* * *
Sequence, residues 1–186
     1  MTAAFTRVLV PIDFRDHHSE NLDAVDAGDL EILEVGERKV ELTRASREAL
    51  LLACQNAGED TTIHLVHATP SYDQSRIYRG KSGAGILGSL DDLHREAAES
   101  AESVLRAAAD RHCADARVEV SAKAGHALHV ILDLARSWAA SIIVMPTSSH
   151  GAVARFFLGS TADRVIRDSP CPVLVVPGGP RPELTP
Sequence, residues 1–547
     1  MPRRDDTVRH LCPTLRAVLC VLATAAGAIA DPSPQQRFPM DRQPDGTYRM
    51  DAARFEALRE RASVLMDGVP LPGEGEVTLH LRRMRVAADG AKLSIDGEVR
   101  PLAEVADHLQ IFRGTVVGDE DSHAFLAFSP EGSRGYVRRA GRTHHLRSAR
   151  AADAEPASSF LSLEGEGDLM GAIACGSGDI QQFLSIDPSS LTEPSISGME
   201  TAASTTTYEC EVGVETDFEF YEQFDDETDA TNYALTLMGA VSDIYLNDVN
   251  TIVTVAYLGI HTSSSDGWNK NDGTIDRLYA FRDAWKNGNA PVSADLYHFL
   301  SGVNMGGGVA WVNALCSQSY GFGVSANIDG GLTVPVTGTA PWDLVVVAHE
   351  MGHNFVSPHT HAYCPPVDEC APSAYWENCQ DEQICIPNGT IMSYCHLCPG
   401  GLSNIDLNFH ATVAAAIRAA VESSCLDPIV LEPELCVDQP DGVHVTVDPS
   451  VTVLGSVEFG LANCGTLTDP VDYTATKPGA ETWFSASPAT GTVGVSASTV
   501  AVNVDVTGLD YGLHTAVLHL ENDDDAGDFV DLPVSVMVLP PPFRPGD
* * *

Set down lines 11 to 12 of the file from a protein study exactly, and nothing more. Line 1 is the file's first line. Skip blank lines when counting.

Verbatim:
   201  TAASTTTYEC EVGVETDFEF YEQFDDETDA TNYALTLMGA VSDIYLNDVN
   251  TIVTVAYLGI HTSSSDGWNK NDGTIDRLYA FRDAWKNGNA PVSADLYHFL